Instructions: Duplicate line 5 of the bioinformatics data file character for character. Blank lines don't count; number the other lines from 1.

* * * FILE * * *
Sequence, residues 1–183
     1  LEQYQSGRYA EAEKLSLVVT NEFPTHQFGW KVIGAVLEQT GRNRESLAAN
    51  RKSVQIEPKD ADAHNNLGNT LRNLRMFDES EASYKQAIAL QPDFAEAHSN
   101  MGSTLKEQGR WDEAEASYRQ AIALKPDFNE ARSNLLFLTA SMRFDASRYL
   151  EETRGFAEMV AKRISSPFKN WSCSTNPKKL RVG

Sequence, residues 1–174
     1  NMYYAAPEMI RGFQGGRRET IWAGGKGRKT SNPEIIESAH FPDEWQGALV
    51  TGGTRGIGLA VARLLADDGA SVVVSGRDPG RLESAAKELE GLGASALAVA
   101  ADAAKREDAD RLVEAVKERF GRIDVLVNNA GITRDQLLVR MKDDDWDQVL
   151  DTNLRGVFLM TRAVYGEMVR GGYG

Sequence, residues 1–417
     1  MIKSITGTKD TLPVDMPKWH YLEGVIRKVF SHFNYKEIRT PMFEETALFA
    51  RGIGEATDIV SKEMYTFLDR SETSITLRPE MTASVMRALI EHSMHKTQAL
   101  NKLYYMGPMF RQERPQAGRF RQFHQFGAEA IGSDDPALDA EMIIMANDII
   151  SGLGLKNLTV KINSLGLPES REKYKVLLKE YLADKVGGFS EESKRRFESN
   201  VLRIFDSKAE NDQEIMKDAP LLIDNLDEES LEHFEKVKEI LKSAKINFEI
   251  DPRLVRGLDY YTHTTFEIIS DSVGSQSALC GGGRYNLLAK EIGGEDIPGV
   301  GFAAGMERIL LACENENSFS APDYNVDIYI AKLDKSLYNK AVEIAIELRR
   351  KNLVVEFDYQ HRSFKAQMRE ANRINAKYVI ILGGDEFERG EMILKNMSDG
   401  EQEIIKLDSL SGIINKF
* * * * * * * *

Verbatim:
   151  EETRGFAEMV AKRISSPFKN WSCSTNPKKL RVG